The military did not say what caused the crash. The Associated Press quoted an Iraqi witness as saying a rocket had hit it, and other witnesses heard heavy gunfire. Sergeant Kaufman could not confirm any of the details.

Another American was killed Monday in central Baghdad while he helped Iraqi policemen investigate a burning car, the military said.

In a Pentagon briefing on Monday, the top American commander in Iraq, Gen. George W. Casey Jr., confirmed that American and Iraqi officials had been meeting with Sunni leaders in Iraq in hopes of defusing the insurgency and drawing their followers into the political process. General Casey denied that the meetings constituted negotiations, and said he was unaware of any direct contacts with insurgent fighters.

"They're discussions primarily aimed at bringing these Sunni leaders and the people they represent into the political process," he said at a briefing with Defense Secretary Donald H. Rumsfeld. "But to characterize them as negotiations with insurgents about stopping the insurgency, we're not quite there yet."

Both General Casey and Mr. Rumsfeld have said there have not been any contacts with foreign fighters like the Jordanian militant Abu Musab al-Zarqawi, who is believed to be responsible for some of the most deadly suicide attacks in Iraq.

The statements by Ayatollah Sistani are the latest foray into Iraqi politics by the Shiite leader. Pressure from him was a major factor in establishing an accelerated timetable for the elections in January. That pace, however, largely dictated the election's countrywide system, because United Nations organizers considered it the simplest and quickest way to organize the vote.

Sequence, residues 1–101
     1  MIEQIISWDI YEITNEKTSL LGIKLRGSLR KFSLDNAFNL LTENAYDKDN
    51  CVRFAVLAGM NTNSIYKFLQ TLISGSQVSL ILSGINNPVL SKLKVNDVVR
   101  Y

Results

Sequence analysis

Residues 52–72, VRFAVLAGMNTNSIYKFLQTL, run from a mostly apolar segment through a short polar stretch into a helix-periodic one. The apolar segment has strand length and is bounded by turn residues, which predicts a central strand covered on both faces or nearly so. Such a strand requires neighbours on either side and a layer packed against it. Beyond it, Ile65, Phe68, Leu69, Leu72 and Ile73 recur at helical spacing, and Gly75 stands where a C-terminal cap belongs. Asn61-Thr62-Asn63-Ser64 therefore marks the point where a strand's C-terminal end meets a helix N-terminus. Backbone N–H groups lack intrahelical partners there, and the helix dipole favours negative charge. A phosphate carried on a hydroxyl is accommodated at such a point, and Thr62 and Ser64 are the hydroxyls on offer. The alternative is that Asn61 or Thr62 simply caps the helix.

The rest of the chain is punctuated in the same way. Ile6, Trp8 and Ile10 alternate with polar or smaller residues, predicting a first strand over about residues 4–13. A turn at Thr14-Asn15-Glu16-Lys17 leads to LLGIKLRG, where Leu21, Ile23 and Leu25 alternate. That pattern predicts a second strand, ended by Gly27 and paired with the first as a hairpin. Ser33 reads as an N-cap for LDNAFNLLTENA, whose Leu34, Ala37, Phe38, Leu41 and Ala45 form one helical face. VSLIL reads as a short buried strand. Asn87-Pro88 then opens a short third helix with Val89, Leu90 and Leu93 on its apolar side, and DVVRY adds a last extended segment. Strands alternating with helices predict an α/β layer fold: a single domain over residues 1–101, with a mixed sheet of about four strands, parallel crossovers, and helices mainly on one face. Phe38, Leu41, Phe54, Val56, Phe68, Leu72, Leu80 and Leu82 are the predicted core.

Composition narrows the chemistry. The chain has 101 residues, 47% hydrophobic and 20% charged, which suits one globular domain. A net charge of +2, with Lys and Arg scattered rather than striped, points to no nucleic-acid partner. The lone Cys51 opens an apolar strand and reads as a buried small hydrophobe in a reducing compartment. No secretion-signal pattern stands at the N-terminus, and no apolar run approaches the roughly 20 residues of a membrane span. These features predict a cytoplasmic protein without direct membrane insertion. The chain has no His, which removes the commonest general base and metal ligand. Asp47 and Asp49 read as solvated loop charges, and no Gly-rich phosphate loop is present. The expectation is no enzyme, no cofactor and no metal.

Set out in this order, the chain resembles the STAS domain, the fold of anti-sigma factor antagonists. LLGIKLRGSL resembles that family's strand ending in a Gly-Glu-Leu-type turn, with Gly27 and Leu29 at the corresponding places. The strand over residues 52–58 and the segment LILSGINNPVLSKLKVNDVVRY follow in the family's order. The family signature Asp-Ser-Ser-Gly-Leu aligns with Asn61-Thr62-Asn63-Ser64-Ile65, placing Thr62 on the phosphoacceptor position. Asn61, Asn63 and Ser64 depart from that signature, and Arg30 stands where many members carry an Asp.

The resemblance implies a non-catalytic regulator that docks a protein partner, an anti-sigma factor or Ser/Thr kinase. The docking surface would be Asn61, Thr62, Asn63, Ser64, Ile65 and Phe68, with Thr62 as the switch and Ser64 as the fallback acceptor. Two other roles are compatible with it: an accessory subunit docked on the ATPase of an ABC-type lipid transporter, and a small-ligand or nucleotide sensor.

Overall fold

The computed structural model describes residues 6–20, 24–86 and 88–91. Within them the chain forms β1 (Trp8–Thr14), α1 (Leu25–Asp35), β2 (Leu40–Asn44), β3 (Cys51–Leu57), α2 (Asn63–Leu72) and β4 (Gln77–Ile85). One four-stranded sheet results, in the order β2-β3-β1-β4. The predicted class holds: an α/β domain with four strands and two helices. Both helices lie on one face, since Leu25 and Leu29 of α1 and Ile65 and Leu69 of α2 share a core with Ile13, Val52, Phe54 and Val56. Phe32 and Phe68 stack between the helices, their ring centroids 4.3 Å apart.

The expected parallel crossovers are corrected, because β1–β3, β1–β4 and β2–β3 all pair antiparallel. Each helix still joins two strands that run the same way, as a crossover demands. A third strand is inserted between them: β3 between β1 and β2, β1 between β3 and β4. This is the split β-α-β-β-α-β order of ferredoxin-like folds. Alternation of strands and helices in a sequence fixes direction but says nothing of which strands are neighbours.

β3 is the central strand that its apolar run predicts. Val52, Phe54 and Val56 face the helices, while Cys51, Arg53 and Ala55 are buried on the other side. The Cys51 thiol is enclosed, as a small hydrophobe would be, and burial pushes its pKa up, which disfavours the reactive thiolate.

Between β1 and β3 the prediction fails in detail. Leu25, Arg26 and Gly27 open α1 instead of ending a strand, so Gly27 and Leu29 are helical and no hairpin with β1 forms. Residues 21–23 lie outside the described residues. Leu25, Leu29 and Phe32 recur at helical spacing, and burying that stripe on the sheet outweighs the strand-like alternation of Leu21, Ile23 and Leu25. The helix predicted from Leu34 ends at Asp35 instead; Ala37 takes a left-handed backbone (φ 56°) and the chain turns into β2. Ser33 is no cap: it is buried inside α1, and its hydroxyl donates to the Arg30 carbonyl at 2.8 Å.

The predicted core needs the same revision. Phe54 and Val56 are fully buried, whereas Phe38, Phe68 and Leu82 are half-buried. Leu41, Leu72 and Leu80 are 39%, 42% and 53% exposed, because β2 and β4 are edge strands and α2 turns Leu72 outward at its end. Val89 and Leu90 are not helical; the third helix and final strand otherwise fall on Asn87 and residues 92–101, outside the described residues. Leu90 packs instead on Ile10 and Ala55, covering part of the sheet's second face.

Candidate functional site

When United Nations officials met with the ayatollah in March, he chastised them for choosing the system, and said he favored setting assembly seats aside district by district, a preference he reiterated Monday. Mr. Yasiri, the Shiite politician, said Ayatollah Sistani had characterized the January election as flawed.

In the past, the ayatollah has reserved his efforts to pushing for measures, like nationwide elections, that were likely to enhance the power of Iraq's Shiite majority. His endorsement of a new voting system seemed to be made out of concern for the delicacy of the current political situation here.

"He said there were a lot of mistakes," Mr. Yasiri said. "He said this election must be different than the old one. He said we prefer that all the people share in it."

In other news, Iraq's foreign minister under Saddam Hussein, Tariq Aziz, in a videotape of his interrogation that was released Monday and described by Agence France-Presse, said Mr. Hussein had personally ordered the crackdown on a Shiite uprising in 1991 without consulting top aides. The testimony could help prosecutors build a case against Mr. Hussein for his trial.

David S. Cloud contributed reporting from Washington for this article.

Created by keza
Last modified 2005-08-25 09:25 AM

Powered by Plone

This site conforms to the following standards: